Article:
The Port of Barcelona promotes trade with Iran
Iran is enjoying significant economic growth, with the International Monetary Fund forecasting annual GDP growth of 4% up to 2020. The country suffered various economic sanctions that isolated its economy and curbed industrial, technology and services development. Today, the government, employers and citizens are committed to opening up to the world.
The country has huge natural resources: it is the fourth country worldwide in oil reserves and the second in those of natural gas. It is one of the major world exporters of refined petroleum products and is developing its natural gas industry, which offers great opportunities for foreign investors. With this energy potential, Iran today has a high capacity for electricity production, which allows it to export electricity to five neighbouring countries, and burgeoning industrial development that has made it a leading regional producer of cement and steel, among other products.
The country also has considerable human resources: 80 million inhabitants with a mostly young population (55% are under 35) and a percentage of university graduates much higher than that of neighbouring countries. Iranian society is open and has a large middle class that demands quality products.
United Nations Security Council Resolution 1929, adopted in June 2010 following suspicions that Iran was in the process of enriching uranium, placed a prohibition on providing financial services, commercial services, etc. to companies in the country and specifically forbade vessels under the Iranian flag to operate in the ports of other countries. The lifting of these sanctions last year opened a new scenario for trade.
Offer of regular shipping lines
The Port of Barcelona took good care to continue its business relationship with the Iranian shipping company HDAS Lines (Hafez Darya Arya Shipping Lines), which belongs to the IRISL Group (Islamic Republic of Iran Shipping Lines) during the years of sanctions.
Once the sanctions were lifted, the IRISL shipping company, which had operated regular lines with Barcelona, started working regularly again with the Port in February 2016. Today, the Iranian flag shipping company connects Barcelona weekly with the main Iranian port, Bandar Abbas, and from there, with the other Iranian ports: Bushehr, Khoramshahr, Bandar Imam Khomeini, Assaluyeh, Kish, Qeshm and Chabahar with a transit time of 22–24 days.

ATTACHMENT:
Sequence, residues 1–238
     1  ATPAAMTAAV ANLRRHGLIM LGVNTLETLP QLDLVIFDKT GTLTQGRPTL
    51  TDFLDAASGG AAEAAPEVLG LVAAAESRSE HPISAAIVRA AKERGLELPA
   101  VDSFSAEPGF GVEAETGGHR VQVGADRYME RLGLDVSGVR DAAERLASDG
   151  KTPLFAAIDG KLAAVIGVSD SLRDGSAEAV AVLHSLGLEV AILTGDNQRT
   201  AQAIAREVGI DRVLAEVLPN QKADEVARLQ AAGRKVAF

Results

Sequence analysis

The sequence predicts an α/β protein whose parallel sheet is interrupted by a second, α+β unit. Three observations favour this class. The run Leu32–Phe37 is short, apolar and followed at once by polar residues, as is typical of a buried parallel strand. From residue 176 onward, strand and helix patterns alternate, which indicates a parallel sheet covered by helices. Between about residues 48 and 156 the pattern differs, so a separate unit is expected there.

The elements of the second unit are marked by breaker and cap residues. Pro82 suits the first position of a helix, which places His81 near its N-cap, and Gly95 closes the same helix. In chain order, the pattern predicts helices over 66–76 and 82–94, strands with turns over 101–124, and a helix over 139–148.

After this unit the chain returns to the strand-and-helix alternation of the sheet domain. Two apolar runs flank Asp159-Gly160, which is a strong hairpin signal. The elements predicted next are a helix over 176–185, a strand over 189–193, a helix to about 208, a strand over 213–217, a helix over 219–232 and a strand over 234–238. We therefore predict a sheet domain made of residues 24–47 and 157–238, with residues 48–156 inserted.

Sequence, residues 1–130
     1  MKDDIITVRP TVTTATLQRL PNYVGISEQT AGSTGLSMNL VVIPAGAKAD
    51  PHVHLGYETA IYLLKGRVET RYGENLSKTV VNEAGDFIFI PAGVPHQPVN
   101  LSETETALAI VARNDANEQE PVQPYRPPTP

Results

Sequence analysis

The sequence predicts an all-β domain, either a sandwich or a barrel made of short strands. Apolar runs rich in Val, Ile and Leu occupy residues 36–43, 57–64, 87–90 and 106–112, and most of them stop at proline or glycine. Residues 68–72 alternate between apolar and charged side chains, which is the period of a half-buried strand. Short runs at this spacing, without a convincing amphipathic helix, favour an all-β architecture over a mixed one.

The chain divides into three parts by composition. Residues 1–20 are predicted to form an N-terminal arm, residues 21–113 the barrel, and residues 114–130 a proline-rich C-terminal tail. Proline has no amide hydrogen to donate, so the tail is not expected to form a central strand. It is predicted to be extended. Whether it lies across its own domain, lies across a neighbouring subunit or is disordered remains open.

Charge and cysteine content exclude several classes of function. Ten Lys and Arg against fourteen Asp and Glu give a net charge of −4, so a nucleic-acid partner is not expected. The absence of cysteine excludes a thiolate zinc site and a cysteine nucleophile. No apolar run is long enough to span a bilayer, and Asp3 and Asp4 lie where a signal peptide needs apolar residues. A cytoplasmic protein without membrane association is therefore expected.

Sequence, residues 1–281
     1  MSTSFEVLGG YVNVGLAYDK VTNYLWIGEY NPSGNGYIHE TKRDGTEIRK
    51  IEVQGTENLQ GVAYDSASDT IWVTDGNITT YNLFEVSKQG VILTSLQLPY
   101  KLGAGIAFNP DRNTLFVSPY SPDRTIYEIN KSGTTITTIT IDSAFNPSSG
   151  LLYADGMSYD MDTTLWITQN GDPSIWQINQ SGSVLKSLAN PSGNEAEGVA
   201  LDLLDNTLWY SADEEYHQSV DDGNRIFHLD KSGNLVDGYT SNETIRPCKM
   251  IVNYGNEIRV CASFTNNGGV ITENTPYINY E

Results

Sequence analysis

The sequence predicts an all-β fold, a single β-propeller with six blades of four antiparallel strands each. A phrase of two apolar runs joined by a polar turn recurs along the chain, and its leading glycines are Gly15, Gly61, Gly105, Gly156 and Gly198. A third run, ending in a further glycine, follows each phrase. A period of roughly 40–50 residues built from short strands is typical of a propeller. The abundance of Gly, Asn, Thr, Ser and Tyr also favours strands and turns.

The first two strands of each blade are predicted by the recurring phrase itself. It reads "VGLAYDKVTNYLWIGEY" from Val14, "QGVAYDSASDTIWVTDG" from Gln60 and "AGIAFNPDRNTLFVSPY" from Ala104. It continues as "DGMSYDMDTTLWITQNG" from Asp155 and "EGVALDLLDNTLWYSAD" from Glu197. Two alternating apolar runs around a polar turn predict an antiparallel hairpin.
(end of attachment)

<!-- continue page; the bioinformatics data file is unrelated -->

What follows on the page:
Over the last year, the world's major shipping companies have opened new services connecting Barcelona with the Iranian ports: Messina Line, which had operated in the Persian country during the sanctions years, CMA-CGM, HAPAG-LLOYD, UASC, MSC, Maersk and HMM (Hyundai Merchant Marine), most of which have transit times of 25-30 days and transshipment at the port of Jebel Ali (Dubai).
Iranian industry today offers great business opportunities for importers and exporters. Similarly, the country is a large market that is opening up to the world and offers enormous possibilities for Catalan, Spanish and European companies.
Trans Middle East
The Port of Barcelona also maintains an active presence in the Middle East transport and logistics fairs. The most recent example is its participation at the Trans Middle East Conference in 2017, which is the region's main port fair, held in Tehran last January. The meeting brought together 400 executives and heads of ports (port operators and managers), ship owners, freight forwarders, logistics companies, railway operators, importers and exporters, associations, etc. from the countries of the Arabian Peninsula and the Persian Gulf.
The Port's presence at the fair aimed partly to strengthen the business relationship with the Middle East market. In this regard, the Persian Gulf and Saudi Arabia area has key traffic in liquid bulk (oils and chemicals) with Barcelona and is experiencing significant growth in container and new vehicle traffic.
Also, coinciding with the organisation of the fair in Tehran, the Port wanted to emphasize its support for Iranian and Catalan companies interested in establishing business relations, making available the wide range and high quality of logistics services that make Barcelona as Europe's southern gateway and Mediterranean distribution hub.
Hispano-Iranian Chamber of Commerce and Industry
The work that the Port of Barcelona is doing to recover traffic with Iran is being supported by initiatives within its Port Community, such as opening the new Catalonia delegation of the Hispano-Iranian Chamber of Commerce and Industry. The office came on stream in late 2016 and supports companies wishing to trade with Iran, particularly by promoting the initiatives of small and medium-sized businesses.
The delegation of the Iranian chamber is headed by Leovigildo Pareja, president of the company LeoProex International Freight Forwarders, which has committed to providing specific services between Barcelona and Iran, and is located in the Blau Port building located in the Port of Barcelona.